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Published on February 17th, 2020 | by Millennium Magazine Staff

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Price swings and new disease put strain on S.C. cotton growers

By Denise Attaway, College of Agriculture, Forestry and Life Sciences; Public Service and AgricultureDenise Attaway, College of Agriculture, Forestry and Life Sciences; Public Service and Agriculture.

SANTEE – One thing many farmers know for certain is that nothing is certain right now.

During the South Carolina Cotton Growers Meeting held here recently, Clemson Extension economist Nathan Smith told growers that despite stable demand for cotton worldwide, fluctuations in yields, prices and international trade have the potential to create stress for both producers and users.

“United States’ exports are projected to increase,” Smith said. “Even with more exports, however, we could see an increase in U.S. stocks due to higher production in 2019.”

Higher production and ending stocks going into 2020 for the United States led economists to forecast a season-average price of 63 cents per pound, Smith said.

While U.S. exports to China have decreased, markets in Bangladesh, Vietnam, Pakistan and Turkey have grown. But Brazil’s market share also has increased, further depressing cotton prices in the U.S. Reports show cotton prices will be volatile depending on acreage reports, crop conditions and weather.

“Right now, we don’t know where prices are going to go,” Smith said. “As they stand right now, we need good yields or help in the markets to cover costs. Our expectations for 2020 in S.C. are that cotton acreage will remain the same or be down a little.”

Almost 14 million acres of cotton were planted in the United States in 2019. This was down about 2.7 percent from 2018. Some economists predict cotton acreage may drop several million acres in 2020. Reduced acreage could raise prices.

Clemson University cotton specialist Michael Jones said South Carolina cotton growers grew a good quality crop in 2019. To continue this trend in 2020, Jones said growers need to do their homework when it comes to variety selection.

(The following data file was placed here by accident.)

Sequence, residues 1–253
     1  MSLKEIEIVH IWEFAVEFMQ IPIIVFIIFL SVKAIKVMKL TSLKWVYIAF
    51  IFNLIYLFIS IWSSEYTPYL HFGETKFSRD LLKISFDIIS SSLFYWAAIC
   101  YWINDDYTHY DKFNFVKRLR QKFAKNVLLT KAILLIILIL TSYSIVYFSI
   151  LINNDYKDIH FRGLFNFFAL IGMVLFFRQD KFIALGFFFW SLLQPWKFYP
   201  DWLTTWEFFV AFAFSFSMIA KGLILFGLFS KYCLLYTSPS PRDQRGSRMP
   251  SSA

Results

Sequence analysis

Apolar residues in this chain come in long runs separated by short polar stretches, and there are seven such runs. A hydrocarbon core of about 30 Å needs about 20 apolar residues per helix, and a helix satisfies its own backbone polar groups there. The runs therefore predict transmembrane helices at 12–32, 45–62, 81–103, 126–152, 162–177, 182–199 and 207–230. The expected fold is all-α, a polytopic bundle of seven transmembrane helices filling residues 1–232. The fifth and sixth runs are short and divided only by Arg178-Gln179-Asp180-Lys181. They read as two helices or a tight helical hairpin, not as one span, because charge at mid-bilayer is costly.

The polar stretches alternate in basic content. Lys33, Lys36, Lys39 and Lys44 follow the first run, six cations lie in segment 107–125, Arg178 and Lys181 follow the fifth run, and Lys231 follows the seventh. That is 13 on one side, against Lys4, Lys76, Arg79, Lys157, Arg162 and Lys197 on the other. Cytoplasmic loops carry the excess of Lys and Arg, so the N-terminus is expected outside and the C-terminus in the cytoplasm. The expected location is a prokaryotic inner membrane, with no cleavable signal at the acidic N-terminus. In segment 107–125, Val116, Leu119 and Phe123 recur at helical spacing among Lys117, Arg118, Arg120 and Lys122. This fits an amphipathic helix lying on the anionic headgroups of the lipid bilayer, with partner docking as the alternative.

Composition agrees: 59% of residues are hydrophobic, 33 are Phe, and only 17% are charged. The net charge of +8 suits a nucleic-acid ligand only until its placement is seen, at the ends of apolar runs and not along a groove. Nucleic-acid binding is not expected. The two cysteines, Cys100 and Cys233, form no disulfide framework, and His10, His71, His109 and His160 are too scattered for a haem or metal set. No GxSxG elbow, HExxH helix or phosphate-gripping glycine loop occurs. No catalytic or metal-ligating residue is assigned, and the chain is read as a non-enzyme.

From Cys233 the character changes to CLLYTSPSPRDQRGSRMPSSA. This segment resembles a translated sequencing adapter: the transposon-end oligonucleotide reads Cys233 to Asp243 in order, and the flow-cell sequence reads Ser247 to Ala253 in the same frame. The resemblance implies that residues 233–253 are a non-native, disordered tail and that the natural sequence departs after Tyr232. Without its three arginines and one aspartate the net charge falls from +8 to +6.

“We had a good quality crop last year,” Jones said. “Lint yield was above average and fiber quality was excellent. To continue to have good crops, growers will need to study and determine which variety or varieties will work best for them.”

Variety selection criteria include: yield potential, yield stability, fiber quality, value-added traits, plant maturity, nematode resistance, stormproof ability, lint percentage and leaf hairiness. DP1646B2XF is one variety that has been popular with farmers in the Cotton Belt North Carolina, South Carolina, Georgia, Alabama, Mississippi, Arkansas, Louisiana, eastern Texas and Southern Oklahoma.

While cotton quality may be high, cotton acreage is forecast to drop 25% in South Carolina in 2020. The latest USDA figures show 300,000 acres were planted in cotton in South Carolina in 2019. Projected cotton acres for 2020 in the state are 224,167.

In addition to prices and variety selection, cotton growers also were made aware of a new cotton disease. According to John Mueller, Clemson cotton pathologist, cotton growers need to be on the lookout for cotton blue disease. This disease is caused by the cotton leafroll dwarf virus, transmitted by cotton aphids. It first appeared in the United States in 2017 and was detected in 10 counties in South Carolina in 2019.

Symptoms include:

Drooping leaves that vary from red to dark green.
Crinkled or rugose leaves
Stunted plants that suffer fruit deformation and fruit shed, or are all together barren.
Late season symptoms include stacking of the internodes with copious fruiting, but consequent rapid fruit abortion.
Elongated main stems.
Mueller said there are no fungicides or antibiotics to control the virus.

As for controlling cotton aphids that transmit the disease, Clemson entomologist Jeremy Greene said the use of insecticides will not prevent the virus from establishing in fields.

“We think, and evidence so far has shown, that we cannot keep infected aphids from infecting plants in a given field. We are conducting more research to see if spread of the virus can be slowed some in a given area, but that might not be possible,” Green said. “We can greatly reduce numbers of aphids in cotton with insecticides, but we cannot eliminate aphids from cotton and probably will not prevent transmission of the cotton leafroll dwarf virus.”

Greene said insecticides can reduce plant stress associated with aphid feeding. Control of cotton aphids with insecticides varies by location.

Low, but detectable levels of aphids were found in South Carolina in 2019. Research on control of cotton aphid and the virus is ongoing in South Carolina.

In addition to South Carolina, cotton leafroll dwarf virus also has been detected in Alabama, Florida, Georgia, Mississippi and Texas.

About 80% of the South Carolina cotton crop is planted the first week in May. Cotton harvest begins in late September.

Tripp Plummer is an Orangeburg County farmer who attends the South Carolina Cotton Growers’ Meeting every year. In addition to cotton, he grows corn, soybeans and wheat.

“This meeting is convenient for us,” Plummer said. “We get valuable information by attending the meeting and, then, we are able to do the dicamba training that is required for our license. We can do it all in one day.”

Dicamba is a common herbicide used to kill broadleaf weeds. Federal label changes require farmers and pesticide applicators who use dicamba-based products to receive training as required by the Environmental Protection Agency.

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